County supervisors during their first Loudoun County Chamber of Commerce PolicyMakers Series breakfast of the new term pitched their visions for the next four years.
Once a year, supervisors sit down at one of the Loudoun Chamber’s series of breakfasts for policymakers and influential figures to talk about their work, issues and ideas. Friday’s event was the PolicyMakers Series breakfast since the 2019 election brought in four new supervisors.
And with Metro’s Silver Line tentatively slated to get rolling later this year and Loudoun workers grappling with high housing prices, those two topics were on supervisors’ minds.
Supervisor Matthew F. Letourneau (R-Dulles), who serves on the Washington Metropolitan Area Transit Authority board of directors overseeing Metro, as well as chairing the Northern Virginia Transportation Commission, said having one entity, Capital Rail Constructors and Dulles Airport, building a multi-billion-dollar project and handing it off to a separate entity, Metro, is “a little difficult, as you might imagine.” But he said Metro is coming.
Supervisor Sylvia Russell Glass (D-Broad Run) said the local government must work with local business to make the areas around Metro thrive.
“The public and private sectors must continue to work together to make sure the areas around the Metro stations are developed at the highest and best use,” Glass said. “The decisions we make today will determine how economically viable the Metro is.”
And she said she is “well aware that the lack of affordable housing can be a major barrier for those wishing to live and work in Loudoun. As a special education teacher, I know this all too well from friends and colleagues.” But, she said, “the arrival of Metro provides us with a fantastic chance to add to our affordable and workforce housing.”
Supervisors also talked about the plans for more bike and pedestrian paths, as well as linear parks and green trails throughout the county.
“Connectivity of our trails paths and walkways in Algonkian District, and throughout the county, will be a high priority of mine,” said Supervisor Juli E. Briskman (D-Algonkian). “I see some of my neighbors taking their lives in their hands to walk on certain roads in my district alone, where I think that we need some multimodal forms of transportation.”
And Supervisor Michael R. Turner (D-Ashburn) said he has had a Loudoun County bike shirt designed and is looking into starting a team.
“Bike and pedestrian trails are critical to be able to move our families around,” Turner said. “If you come to me with a revitalization or a redevelopment—or all of us, for that matter—talk to me about how you’re going to connect that community to the new Metro stops. Talk to me about how you’re going to connect to the surrounding community.”
That mirrored a sentiment common among the supervisors there—that Loudoun’s future would be shaped in large part by the business interests, particularly developers, in the room.
“My charge to you guys is to listen to what was just said, what was said earlier from my colleagues, and what you already know that are issues in Loudoun County,” said Supervisor Koran T. Saines (D-Sterling). “Bring those applications to us that are actually going to solve these issues.”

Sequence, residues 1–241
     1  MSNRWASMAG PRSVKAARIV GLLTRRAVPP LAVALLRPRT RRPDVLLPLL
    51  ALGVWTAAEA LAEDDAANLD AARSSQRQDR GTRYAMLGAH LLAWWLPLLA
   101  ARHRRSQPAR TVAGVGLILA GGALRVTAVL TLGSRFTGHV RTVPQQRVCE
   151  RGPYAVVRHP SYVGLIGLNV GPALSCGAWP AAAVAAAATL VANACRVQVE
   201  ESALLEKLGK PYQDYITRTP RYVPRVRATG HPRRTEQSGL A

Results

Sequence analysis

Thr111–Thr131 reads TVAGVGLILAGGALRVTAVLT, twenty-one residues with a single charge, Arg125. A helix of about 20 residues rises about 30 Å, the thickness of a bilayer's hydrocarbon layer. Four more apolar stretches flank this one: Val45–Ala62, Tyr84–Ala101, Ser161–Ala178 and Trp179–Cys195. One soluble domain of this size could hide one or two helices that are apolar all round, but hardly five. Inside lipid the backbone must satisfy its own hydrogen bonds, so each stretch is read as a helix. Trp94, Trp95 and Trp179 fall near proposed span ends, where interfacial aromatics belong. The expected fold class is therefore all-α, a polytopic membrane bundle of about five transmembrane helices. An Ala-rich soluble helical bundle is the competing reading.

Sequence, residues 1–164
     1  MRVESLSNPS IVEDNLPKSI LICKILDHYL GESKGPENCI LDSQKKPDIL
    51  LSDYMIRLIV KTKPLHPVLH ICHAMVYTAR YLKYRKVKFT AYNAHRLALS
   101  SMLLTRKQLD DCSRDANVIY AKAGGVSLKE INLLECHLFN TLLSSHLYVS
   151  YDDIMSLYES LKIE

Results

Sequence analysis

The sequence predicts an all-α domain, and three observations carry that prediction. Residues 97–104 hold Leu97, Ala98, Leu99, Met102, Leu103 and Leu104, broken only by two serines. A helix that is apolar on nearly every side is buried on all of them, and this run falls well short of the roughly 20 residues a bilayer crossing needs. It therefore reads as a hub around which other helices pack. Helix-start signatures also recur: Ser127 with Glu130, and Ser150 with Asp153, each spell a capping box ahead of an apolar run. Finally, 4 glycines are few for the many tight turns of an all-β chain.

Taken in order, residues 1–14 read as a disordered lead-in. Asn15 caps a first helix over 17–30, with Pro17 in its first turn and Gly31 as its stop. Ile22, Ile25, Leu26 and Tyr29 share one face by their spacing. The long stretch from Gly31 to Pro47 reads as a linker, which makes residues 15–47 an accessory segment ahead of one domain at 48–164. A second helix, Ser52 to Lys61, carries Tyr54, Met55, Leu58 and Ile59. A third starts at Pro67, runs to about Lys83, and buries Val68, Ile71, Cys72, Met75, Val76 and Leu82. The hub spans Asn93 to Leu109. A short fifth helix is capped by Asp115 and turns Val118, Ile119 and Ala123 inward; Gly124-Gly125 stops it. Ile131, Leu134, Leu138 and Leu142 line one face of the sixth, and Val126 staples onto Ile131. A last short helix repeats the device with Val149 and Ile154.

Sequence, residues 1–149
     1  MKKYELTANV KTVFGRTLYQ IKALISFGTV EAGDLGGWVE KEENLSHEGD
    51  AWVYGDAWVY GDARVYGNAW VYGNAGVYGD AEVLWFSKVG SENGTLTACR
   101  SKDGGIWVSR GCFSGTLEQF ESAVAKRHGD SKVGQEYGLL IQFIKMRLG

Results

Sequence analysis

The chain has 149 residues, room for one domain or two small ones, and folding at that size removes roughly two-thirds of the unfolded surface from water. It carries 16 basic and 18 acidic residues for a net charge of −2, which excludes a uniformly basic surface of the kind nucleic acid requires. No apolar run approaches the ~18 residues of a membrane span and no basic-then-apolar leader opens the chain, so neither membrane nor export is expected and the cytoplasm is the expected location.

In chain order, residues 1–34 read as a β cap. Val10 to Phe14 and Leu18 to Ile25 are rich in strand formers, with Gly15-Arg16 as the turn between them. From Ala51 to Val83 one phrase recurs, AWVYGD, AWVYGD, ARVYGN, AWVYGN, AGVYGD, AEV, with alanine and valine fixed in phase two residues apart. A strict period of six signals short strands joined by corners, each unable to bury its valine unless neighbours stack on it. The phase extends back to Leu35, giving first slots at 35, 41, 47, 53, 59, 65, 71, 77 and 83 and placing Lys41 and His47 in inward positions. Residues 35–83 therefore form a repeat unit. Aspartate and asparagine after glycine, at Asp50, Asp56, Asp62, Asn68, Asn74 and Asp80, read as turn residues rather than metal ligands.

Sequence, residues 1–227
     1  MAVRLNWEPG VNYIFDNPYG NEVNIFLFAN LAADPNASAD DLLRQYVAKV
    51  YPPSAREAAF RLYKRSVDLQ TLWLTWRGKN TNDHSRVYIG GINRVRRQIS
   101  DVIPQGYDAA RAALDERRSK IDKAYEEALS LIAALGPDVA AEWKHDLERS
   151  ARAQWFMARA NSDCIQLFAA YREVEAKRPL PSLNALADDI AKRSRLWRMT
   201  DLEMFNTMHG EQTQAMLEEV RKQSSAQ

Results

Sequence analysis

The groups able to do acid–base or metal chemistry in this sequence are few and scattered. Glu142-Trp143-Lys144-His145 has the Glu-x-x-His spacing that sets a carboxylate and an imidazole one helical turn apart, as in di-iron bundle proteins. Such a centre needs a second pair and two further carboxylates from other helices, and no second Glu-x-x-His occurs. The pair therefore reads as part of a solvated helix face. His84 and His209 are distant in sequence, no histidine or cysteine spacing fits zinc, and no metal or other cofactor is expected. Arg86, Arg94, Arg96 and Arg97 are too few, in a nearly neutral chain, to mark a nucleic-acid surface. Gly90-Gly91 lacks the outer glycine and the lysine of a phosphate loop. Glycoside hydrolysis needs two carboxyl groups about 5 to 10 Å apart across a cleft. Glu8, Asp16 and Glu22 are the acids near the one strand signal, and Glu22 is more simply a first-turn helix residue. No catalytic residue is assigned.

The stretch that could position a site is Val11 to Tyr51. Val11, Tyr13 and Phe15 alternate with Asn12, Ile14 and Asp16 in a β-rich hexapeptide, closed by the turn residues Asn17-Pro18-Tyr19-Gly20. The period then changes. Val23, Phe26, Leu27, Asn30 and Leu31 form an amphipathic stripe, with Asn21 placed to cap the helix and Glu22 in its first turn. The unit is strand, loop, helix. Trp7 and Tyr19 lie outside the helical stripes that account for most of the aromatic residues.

And Supervisor Kristen C. Umstattd (D-Leesburg) asked Chamber members to also bring conservation voices into their discussions, particularly discussions around the data center industry, its central role in the county government’s finances, and its push for renewable energy.
“I would like to ask the Chamber to do what it did so well in bringing our nonprofits and our data centers together, to also reach out to our conservation community and bring them into a meeting with our businesses,” Umstattd said. “And especially our data centers, so that these two groups can come to learn that they each have something to offer the other.”
Letourneau said southern Loudoun, home of his Dulles District, needs urgent attention.
“In these next four years, it’s imperative that we make progress on the southern part of the county,” Letourneau said. “It has been where a lot of the growth has been, it’s been where we have been dealing with a lot of crowding problems when it comes to schools, and it’s where we are dealing with, currently, extremely bad traffic congestion.”
He has proposed a northern collector road across Dulles Airport property connecting Tall Cedars Parkway to Rt. 28 in Fairfax County, bypassing the Rt. 50 intersection and providing an alternate route to the east. When he first proposed the road in February 2018, he said it would be “probably my single top priority”—and said Friday the county has been making progress in talks with Dulles Airport.
“It’s going to be a difficult project, it’s going to be an expensive project, but
And Saines and Briskman said they would also be working to revitalize the county’s easternmost areas, and Saines indicated he would continue his push to dispel prejudices around the Sterling area as dangerous or violent.
“There are a lot of good things in Sterling,” Saines, a lifelong resident, said. “We’ve seen some great development happen. There are a lot of misconceptions about Sterling, so I want to change those misconceptions.”
And, he said, there are opportunities for revitalization and redevelopment in Sterling, inviting Chamber members to come take a tour.
it’s one that’s necessary if you look at long term forecasts for Rt. 50,” Letourneau said.
“It’s my job to respond to the people in the county who are sitting in this room, but it’s also my job to respond to the woman who’s working two jobs, to the new immigrant who just got here, to the person just trying to make it through the day who doesn’t even know who I am, who doesn’t’ even know there’s a Board of Supervisors,” said County Chairwoman Phyllis J. Randall (D-At Large).
Supervisors Caleb A. Kershner (R-Catoctin) and Tony R. Buffington (R-Blue Ridge) were unable to attend the session.